When read, the /dev/random device will only return random bytes  within
       the estimated number of bits of noise in the entropy pool.  /dev/random
       should be suitable for uses that need very high quality randomness such
       as  one-time  pad  or  key generation.  When the entropy pool is empty,
       reads from /dev/random will block until additional environmental  noise
       is gathered.

      When  read,  /dev/urandom  device  will  return  as  many  bytes as are
       requested.  As a result, if there is  not  sufficient  entropy  in  the
       entropy  pool,  the  returned  values are theoretically vulnerable to a
       cryptographic attack on the algorithms used by the  driver.   Knowledge
       of how to do this is not available in the current non-classified liter-
       ature, but it is theoretically possible that such an attack may  exist.
       If this is a concern in your application, use /dev/random instead.

To obtain an idea of how much data these 2 devices can generate, 30 second samples were taken from both and the file sizes listed.

[rich@saturn random]$ cat /dev/random > random
(CTRL-C was pressed after counting to 30 seconds)
[rich@saturn random]$ cat /dev/urandom > urandom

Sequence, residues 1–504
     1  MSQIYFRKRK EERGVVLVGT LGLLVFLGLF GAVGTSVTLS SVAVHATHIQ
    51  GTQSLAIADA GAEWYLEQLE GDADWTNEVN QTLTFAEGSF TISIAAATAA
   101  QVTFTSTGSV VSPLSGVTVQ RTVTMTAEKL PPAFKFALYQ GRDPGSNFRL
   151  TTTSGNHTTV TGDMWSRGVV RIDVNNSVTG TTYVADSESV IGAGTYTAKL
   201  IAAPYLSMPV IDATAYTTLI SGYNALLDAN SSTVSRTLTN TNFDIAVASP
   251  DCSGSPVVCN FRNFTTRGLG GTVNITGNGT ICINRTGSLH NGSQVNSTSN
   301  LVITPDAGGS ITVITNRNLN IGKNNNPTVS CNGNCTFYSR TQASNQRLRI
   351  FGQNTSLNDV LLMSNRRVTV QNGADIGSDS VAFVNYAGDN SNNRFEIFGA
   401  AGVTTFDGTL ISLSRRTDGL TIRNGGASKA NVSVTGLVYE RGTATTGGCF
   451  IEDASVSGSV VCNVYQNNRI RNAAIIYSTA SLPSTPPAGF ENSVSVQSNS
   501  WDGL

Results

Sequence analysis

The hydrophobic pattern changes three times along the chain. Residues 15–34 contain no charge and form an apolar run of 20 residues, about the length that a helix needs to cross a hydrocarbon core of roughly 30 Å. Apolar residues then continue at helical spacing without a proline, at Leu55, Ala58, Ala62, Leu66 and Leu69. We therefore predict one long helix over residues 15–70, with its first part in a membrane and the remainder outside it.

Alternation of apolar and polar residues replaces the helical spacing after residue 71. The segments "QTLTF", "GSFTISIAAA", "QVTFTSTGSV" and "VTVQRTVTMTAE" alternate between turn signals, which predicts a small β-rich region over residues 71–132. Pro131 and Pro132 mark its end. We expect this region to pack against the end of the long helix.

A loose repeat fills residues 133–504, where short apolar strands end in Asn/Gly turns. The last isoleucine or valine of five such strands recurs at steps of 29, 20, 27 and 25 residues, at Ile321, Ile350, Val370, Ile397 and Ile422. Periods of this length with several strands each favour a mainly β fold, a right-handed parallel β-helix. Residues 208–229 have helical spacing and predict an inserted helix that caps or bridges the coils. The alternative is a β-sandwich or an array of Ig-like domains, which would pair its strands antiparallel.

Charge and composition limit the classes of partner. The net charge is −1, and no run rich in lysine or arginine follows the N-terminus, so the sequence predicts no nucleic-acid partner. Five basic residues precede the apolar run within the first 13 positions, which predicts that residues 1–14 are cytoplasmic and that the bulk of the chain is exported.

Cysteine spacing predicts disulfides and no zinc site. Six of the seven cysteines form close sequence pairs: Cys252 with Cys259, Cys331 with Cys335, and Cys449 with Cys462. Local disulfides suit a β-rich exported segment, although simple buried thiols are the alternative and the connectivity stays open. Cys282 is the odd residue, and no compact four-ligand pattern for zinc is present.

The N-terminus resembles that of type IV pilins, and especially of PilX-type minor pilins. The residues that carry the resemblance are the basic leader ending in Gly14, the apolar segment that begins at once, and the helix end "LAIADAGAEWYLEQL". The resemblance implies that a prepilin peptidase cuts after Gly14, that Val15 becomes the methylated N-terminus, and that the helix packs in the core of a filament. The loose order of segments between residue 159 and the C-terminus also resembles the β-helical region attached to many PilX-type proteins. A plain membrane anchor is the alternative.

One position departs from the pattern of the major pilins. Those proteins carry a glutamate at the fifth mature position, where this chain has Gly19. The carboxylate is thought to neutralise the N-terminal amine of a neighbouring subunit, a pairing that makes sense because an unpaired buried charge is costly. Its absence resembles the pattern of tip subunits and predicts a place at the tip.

(CTRL-C was pressed after counting to 30 seconds)
[rich@saturn pwgen]$ ls -l
total 593736
-rw-r--r--  1 rich rich       520 Apr  5 18:19 random
-rw-r--r--  1 rich rich  94748672 Apr  5 18:19 urandom

520 bytes were generated by the cautious entropy device in about the same time 94 MBytes were generated by the fast device.

To obtain a fixed amount of data, the dd system data copy command is more precisely controllable than the cat command. This enables a blocksize and number of blocks to be copied to be specified. The following command was used to obtain 512Mbytes of entropy data in the file random.bin .

dd if=/dev/urandom of=random.bin count=1000000 bs=512

Using Random Numbers to Compute PI

This algorithm involves scattering random X,Y coordinates generated such that 0 < X < 1 and 0 < Y < 1 from pairs of random numbers. A large number of these coordinates can be scattered within a square of side 1. If the distance from the origin of a coordinate Z = sqrt( X2 + Y2) is less than or equal to 1, this coordinate fits within a quarter circle centred at X=0, Y=0. For a large number of coordinates, if these are genuinely random, the proportion fitting inside the quarter circle will be proportionate to the area of the quarter circle within the area of the square. The area of the quarter circle is PI/4 and the area of the square is 1. The following program computes an estimate for PI by comparing these 2 areas, based on the assumption that the coordinates are randomly scattered within the square.